An hour later, they were comfortably wrapped around each other’s glistening bodies on Ruhi’s bed, with her single purple blanket ensuring that there is no scope for distance. Jhilmil had once again begun stroking Ruhi’s hair and she whispered, “You do emit love, you know? I didn’t just say that.”
Ruhi sighed and pulled Jhilmil closer without opening her eyes, “Then why are you leaving?”
“I thought we had decided not to talk about this.”
Ruhi could hear the pain in Jhilmil’s voice, which made her finally open her eyes, “Hey, I didn’t mean it in an accusatory way. You have to take this opportunity. You’ve worked hard all your life. It just hurts that we finally meet after all those months and now there’ll be…nothing.”
Ruhi took Jhilmil’s hands in hers and kissed her knuckles and she spoke, “I know this is technically only the second time we’re meeting but all those video calls, those texts…you know what?”, Ruhi sat up, “Let’s talk about something else.”
Jhilmil leaned against the bed and enveloped her arms around Ruhi, with her lips resting against Ruhi’s neck, “Ruhi…you know how people say that believing that you have a place in the universe makes them feel happy each day when they wake up?”
Ruhi planted a kiss on her lips and nodded her head.
“I don’t feel that. Because if the universe has a plan for me, then I’m significant. I don’t want that.”
“What do you mean?”, Ruhi sat up straight now.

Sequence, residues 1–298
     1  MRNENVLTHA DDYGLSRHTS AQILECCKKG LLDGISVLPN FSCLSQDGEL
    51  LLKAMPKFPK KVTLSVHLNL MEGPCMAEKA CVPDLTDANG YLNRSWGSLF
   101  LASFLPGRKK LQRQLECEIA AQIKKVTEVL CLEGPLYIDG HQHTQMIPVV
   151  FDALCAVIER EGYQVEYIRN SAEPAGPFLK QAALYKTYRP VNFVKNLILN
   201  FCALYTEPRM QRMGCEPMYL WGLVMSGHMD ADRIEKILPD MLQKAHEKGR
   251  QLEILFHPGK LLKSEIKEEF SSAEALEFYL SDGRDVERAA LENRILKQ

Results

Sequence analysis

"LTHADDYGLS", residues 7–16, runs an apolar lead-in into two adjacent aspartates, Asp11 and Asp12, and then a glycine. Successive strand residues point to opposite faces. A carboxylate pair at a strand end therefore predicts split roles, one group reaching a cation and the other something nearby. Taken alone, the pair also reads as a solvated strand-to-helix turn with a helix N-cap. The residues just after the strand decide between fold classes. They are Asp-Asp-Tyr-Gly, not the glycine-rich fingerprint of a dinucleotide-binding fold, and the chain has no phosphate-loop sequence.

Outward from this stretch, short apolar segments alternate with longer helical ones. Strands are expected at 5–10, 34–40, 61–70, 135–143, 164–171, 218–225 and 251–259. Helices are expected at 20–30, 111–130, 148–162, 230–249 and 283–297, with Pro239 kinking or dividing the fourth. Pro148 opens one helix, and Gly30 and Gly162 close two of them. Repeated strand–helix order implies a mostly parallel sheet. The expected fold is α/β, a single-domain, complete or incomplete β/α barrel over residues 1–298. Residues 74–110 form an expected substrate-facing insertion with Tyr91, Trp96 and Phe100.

“I don’t mean I want to be insignificant to you, or to myself, or to the people I meet or love. I mean insignificant to the universe, to history, to the course of life in general. I want the universe to be so busy elsewhere taking care of the people that will contribute to the butterfly effect that changes the world so that it leaves me alone. And in that insignificance I can be happy. Knowing that the only consequences of my actions will be on my life and the immediate people around me, making sure I make decisions that give me and everyone that I love, happiness- I want to be a moment in the history of the universe, and nothing else.”
“Sure Jhilmil”, Ruhi squeezed her hand, “but we don’t get to choose that. Those people that you are talking about making happy- including me- you are altering the course of their lives. Your life might be a moment in the universe and this night might be a moment in your life, but that means nothing. Moments give us something to hold onto, to draw strength from on what might have been a tough day. That sounds very significant to me. Almost as significant as this. You and me, here. I don’t know if we will ever meet again, because I cannot imagine buying a ticket to London while paying rent in Bombay…” Ruhi paused to give Jhilmil a second to giggle, “…but what we have cannot be judged by the number of moments spent together. Hey, you can’t judge a firecracker in the sky for not being the fairy lights in your bedroom, can you?”
“Is that all we were meant to do, then? Light up each other’s sky briefly and then disappear?”, Jhilmil was holding back tears as she leaned in to kiss Ruhi again. And again. And again.
“Jhilmil…”, Ruhi began, just as the alarm on Jhilmil’s phone signalling that she needed to leave for the international airport went off.
“I don’t know…”, Ruhi whispered in her ear as she drew her close, “but right now I want to hold you tight for five more minutes.”